Aspiring masters degree students, my advice is this: look up the individual courses you’ll be taking and then explain to the mirror what you’ll learn in each one and the market in which those skills are in demand. If you can’t do that, I advise reconsideration.

That’s all great, but what should we do?

I have no policy solutions, but I do have a piece of pedagogical advice. We need to update the standard operating procedure of guidance counselors in schools everywhere. We’ve been working so hard to convince kids they should go to college, we forgot to teach them how to be discerning customers of higher education. I’m all about caveat emptor as life advice, but if we want to hit people with it as an ex post I-told-you-so, we have to teach it to them ex ante, especially when we’re talking about 17-year-old and (ahem, perhaps mildly infantilized) 21-year-old kids. Just because you’ll walk away with a degree doesn’t mean that degree will be worth the time and tuition.

My guess is that we should up the status of community college, technical certificates, and not going to college at all. At the same time, we should probably lower the status of arts degrees for for artistic fields that are better suited to learning by doing and autodidacts.

Or maybe we just need guidance counselors to bring college seniors on field trips to carnivals across the country. Nothing will teach you the cold truth of scams faster than losing your last 20 bucks pursuing a fluffy bit of googly-eyed asbestos shooting on a bent basketball hoop in front of someone you planned on asking to prom but could never see value in you again after missing 10 shots in a row.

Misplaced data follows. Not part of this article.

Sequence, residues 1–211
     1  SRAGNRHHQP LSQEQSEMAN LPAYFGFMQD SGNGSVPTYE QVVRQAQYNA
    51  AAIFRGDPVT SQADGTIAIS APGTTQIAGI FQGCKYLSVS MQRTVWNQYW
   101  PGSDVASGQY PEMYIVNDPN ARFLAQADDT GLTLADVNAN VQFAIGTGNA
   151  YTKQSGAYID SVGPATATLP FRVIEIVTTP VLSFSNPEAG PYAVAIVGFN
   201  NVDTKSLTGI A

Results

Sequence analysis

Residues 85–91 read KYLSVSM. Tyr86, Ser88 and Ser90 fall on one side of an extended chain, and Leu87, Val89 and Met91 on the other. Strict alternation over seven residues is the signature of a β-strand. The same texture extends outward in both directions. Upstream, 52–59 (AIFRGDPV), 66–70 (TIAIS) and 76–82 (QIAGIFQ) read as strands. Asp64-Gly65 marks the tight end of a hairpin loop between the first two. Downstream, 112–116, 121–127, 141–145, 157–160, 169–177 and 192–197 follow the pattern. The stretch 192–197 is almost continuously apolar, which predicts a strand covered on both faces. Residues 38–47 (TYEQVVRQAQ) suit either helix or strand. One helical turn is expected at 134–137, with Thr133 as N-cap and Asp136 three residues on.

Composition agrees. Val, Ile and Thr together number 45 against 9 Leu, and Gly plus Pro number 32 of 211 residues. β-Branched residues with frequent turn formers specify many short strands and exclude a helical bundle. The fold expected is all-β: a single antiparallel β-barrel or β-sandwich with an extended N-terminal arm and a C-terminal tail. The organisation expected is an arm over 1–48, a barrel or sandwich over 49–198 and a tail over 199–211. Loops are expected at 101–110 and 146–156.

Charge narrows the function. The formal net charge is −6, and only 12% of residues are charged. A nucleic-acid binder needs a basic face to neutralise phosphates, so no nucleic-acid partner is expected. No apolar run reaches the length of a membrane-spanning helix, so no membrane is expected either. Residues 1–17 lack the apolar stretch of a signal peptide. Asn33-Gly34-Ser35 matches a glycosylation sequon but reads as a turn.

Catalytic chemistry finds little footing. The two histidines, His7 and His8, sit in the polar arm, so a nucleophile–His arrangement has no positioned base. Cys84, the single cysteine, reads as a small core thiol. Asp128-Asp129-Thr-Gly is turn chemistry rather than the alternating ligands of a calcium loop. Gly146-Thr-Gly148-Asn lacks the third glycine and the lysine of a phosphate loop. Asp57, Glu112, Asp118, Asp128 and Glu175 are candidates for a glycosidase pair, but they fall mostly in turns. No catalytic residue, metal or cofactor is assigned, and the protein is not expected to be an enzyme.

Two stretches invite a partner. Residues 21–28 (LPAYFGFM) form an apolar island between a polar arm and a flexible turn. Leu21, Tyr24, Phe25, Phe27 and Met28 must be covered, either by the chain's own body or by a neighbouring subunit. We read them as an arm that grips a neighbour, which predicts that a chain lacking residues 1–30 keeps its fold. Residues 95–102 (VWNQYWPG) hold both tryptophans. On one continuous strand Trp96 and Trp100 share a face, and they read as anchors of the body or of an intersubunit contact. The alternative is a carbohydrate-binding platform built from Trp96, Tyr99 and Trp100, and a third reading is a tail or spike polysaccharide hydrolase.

Trust me, that’ll stick with them.

Scale and Online Learning

A simplistic view that I have heard about online learning is that it is of worse quality but cheaper than traditional classroom learning.

We should take the cheaper part seriously. Cheaper can mean new opportunities for many people. Delivering a lecture online can mean that, once the fixed cost of creating the video is incurred, the marginal cost of adding a student is nearly zero. The average cost of delivering instruction goes down with every student who joins the course. Economy of scale is a wonderful thing.

Now, let’s assume a family that has a quiet home and reliable internet service. Assume that a mom, m, signed up for a rock/geology class, r, for her school-aged son who cannot read. It’s me. I signed my son up for an online “rock camp”. I thought it would give me 45 minutes of time to get work done while my son was distracted in a Zoom room.

This week I got an email from the online school company about how to get ready for rock camp. I’m instructed to assemble a supply kit of about 30 items so that my kid can do a hands-on science experiment every day of the camp. This is not what I thought I was signing up for, and I no longer think rock camp is going to save me any time.  It gets me thinking about scale and online education for kids.

All the parents of rock campers will have to separately assemble a kit of supplies. The economies of scale would come from having the children in a physical school. Buy the supplies in bulk and hand out a pack to each kid all at the same time. It would be great to have a *classroom* where the students could *go*. Even though many classes do not involve vinegar and magnets, the point can generalize.

We should take scale seriously. I support experimenting with different kinds of education and giving students choices. Personally, I benefitted from getting to pilot an experimental program at my high school that allowed me to take microeconomics for college credit online. I also participate in online education sometimes as an educator.

However, it’s overly simplistic to say that the scale idea always points us in the direction of online education. Even at the university level, some products/services can be cheaper to deliver in a traditional class setting.

Steve Horwitz on “The Graduate Student Disease”

On Sunday the world lost a great teacher, economist, and all-around fantastic person in Steve Horwitz. If you don’t know about Steve, I recommend reading the tributes from Pete Boettke and Art Carden.

Pete and Art speak to Steve’s overall legacy and greatness. But I will tell you about a very specific piece of advice that Steve gave me about teaching undergrads.

Steve called it “the graduate student disease.” By this he meant the tendency of newly minted PhD economists to teach undergraduate courses as if they were mini versions of graduate courses. Steve insisted this was the wrong approach.